Douglas Gresham: What makes you think there isn't?
Question: You knew this writer so well, what made his novels such classics that still resonate and are widely read the world over?
Douglas Gresham: A genius of that caliber only comes along once every couple of hundred years and we will be waiting a long time for the next one. Jack (C.S.Lewis) was a man who was incredibly widely read. He had studied the great mythologies of man from all over the planet. He read the great classics of literature, most of them in their own languages, by the time he was 26. He took four first class honors degrees from Oxford University in a period of three years! The man's mind was amazing. His talent was superb; his words and usage have never been surpassed. Therefore, when he wrote something designed and aimed at children it was bound to be something fairly special and the books are absolute classics. Nothing has been written since for children that even comes near them except perhaps 'The Hobbit' which almost makes it. Doesn't quite. Then 'The Lord of the Rings' is a fabulous piece of grown-up literature.
Question: J.R.R. Tolkien and C.S. Lewis were friends, weren't they?
Douglas Gresham: Yes. You have to remember that these men, Jack (C.S.Lewis) and J.R.R. Tolkien gathered together with other great literary minds, all great friends in a loosely affiliated literary group called The Inklings and they would read their work to each other; whereupon the rest of the group would just tear it to shreds in criticism. And the result of that is that these works came out pure at the end of it. There is not a wasted word. They were refined, there is not even a wasted comma because everything was torn apart and rebuilt in deep conversation with much merriment and lubricated by beer and tobacco smoke. They had a great time doing it. But of course in today's world authors couldn't do that, because something we have lost is the value of understanding criticism. In the academic world today, if someone criticises you or your work, it is becoming traditional to hate them for it. Back in those days you sought out the people who would criticise you because you cannot learn from anyone who agrees with you all the time. You can only learn from disputation. I have the same problem with some of my children. They say, 'Don't criticise me', I say 'Why ever not? How else will you learn?' In academic circles these days nobody criticises because people get offended.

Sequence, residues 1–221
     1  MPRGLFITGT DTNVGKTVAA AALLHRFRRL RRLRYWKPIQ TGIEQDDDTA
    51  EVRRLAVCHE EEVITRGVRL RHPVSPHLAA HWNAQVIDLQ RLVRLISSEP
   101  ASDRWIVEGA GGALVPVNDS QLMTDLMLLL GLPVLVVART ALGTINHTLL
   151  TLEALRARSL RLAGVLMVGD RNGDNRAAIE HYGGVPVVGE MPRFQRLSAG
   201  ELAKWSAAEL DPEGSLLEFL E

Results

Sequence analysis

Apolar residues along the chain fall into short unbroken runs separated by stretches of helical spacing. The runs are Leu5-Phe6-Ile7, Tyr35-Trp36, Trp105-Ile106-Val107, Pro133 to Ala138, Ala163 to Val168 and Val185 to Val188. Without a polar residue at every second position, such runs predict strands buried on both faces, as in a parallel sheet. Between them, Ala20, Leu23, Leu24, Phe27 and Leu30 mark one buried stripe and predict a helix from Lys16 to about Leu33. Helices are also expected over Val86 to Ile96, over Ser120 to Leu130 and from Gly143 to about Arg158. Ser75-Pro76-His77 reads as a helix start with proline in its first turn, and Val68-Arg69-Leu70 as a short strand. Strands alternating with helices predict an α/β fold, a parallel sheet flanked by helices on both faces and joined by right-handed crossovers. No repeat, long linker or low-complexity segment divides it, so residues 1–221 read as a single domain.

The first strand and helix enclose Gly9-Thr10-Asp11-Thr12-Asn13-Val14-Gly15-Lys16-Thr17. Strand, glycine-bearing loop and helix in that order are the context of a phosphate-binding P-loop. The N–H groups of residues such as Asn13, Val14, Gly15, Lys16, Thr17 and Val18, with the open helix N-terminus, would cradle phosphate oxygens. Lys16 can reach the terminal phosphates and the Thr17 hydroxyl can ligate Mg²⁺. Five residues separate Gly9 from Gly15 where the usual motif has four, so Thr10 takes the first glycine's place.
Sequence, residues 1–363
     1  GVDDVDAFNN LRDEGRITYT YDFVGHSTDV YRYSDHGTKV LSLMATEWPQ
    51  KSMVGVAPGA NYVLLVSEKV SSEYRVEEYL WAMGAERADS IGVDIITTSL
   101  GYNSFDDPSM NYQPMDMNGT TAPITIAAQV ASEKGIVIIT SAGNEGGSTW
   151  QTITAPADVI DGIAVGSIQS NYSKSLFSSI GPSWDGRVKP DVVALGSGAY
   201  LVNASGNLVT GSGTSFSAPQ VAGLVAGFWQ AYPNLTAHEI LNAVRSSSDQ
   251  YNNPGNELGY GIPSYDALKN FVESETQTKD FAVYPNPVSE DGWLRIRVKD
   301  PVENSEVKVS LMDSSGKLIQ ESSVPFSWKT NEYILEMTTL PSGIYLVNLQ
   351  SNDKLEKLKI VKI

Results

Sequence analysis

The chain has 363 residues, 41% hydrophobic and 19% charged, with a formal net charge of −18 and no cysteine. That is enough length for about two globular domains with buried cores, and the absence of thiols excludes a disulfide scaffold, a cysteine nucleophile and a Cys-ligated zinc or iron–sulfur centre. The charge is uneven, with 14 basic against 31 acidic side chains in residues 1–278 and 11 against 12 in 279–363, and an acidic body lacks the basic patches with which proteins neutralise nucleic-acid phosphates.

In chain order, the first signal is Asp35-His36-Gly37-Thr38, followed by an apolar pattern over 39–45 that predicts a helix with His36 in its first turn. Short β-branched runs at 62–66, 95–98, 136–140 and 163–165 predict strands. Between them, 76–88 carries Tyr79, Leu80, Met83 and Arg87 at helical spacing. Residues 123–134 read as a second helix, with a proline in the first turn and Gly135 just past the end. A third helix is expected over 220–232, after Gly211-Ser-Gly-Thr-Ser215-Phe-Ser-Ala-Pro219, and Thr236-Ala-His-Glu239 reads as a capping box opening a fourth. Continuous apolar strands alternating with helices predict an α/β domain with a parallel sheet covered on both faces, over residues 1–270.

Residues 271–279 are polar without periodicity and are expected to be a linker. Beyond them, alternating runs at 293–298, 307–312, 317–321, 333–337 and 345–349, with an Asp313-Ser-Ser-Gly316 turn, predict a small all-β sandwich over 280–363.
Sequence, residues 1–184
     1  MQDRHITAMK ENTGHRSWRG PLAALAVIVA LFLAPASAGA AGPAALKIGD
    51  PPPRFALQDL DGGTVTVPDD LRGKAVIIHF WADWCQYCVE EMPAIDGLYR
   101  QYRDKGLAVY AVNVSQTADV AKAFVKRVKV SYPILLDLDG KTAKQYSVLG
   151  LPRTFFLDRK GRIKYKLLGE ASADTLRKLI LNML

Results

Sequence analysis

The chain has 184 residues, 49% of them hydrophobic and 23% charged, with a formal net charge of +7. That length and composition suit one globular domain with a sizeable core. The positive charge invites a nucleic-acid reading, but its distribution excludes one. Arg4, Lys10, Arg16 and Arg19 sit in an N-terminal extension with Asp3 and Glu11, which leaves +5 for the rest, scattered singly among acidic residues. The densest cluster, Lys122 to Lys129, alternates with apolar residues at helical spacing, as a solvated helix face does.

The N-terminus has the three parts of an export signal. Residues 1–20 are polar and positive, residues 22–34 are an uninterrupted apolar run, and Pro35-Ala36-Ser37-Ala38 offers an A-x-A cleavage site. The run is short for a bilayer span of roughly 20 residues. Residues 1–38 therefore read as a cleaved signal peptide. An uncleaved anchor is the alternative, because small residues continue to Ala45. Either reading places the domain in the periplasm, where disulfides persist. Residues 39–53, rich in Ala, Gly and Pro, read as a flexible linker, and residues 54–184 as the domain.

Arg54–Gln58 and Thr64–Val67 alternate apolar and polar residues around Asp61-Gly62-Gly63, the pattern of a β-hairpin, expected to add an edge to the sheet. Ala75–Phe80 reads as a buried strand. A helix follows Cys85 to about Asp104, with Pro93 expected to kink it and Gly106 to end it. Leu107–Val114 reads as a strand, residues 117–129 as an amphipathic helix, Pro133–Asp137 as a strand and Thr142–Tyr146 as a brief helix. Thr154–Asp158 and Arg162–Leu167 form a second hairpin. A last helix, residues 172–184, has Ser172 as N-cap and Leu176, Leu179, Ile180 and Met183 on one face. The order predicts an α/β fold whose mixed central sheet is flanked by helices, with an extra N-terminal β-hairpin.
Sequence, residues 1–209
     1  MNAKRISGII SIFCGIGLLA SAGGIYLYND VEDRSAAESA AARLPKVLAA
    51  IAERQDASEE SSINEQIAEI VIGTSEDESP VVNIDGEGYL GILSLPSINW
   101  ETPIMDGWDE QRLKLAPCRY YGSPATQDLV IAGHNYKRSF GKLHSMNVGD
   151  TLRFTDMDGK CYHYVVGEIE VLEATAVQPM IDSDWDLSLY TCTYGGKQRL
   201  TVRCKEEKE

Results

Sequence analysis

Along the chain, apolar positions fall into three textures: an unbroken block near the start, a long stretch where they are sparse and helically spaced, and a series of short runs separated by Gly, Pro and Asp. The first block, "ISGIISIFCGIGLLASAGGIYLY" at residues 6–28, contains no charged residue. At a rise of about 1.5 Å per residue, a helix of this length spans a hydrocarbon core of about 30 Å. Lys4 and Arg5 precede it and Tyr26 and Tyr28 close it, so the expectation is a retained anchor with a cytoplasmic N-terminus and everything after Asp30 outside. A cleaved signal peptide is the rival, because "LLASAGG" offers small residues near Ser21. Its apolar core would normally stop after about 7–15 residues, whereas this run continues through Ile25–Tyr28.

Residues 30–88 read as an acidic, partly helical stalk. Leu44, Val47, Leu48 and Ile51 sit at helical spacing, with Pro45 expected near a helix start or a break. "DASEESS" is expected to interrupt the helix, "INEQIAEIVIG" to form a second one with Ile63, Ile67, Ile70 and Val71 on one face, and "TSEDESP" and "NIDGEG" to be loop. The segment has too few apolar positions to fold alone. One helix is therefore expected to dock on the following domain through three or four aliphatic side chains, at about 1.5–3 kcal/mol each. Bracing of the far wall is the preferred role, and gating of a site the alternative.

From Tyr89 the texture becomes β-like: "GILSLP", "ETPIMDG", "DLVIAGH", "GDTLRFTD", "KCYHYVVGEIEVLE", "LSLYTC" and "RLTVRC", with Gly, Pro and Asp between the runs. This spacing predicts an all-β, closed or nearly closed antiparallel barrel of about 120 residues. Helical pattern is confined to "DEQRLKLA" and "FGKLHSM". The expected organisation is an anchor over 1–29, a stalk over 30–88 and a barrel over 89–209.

Question: Apart from being a revered and distinguished academic, C.S. Lewis was obviously extraordinary at communicating with children, wasn't he?
Douglas Gresham: Yes there is a sort of urban myth that Jack (C.S.Lewis) didn't know any children. That actually comes from Shadowlands (play and film directed by Richard Attenborough with Anthony Hopkins as C.S. Lewis) but the truth of the matter is that Jack (C.S.Lewis) was surrounded by children for most of his life, obviously through his school life with his peers and later on at university with young people, particularly undergraduates. Then his 'adoption' of Mrs. Moore and her daughter Maureen Moore when he was 20 something years old resulted in his raising the child almost as his own daughter until she married and moved away in 1945. Her friends were always around, as well as my brother, myself and our friends, and so on. So it is complete folly to think that Jack (C.S.Lewis) did not know any children. But apart from that, he never forgot what it meant to be a child.
Question: What do you think made the Narnia books the perfect type of fantasy novel for children in the 50s and 60s, as well as turning into literature that has withstood the test of time?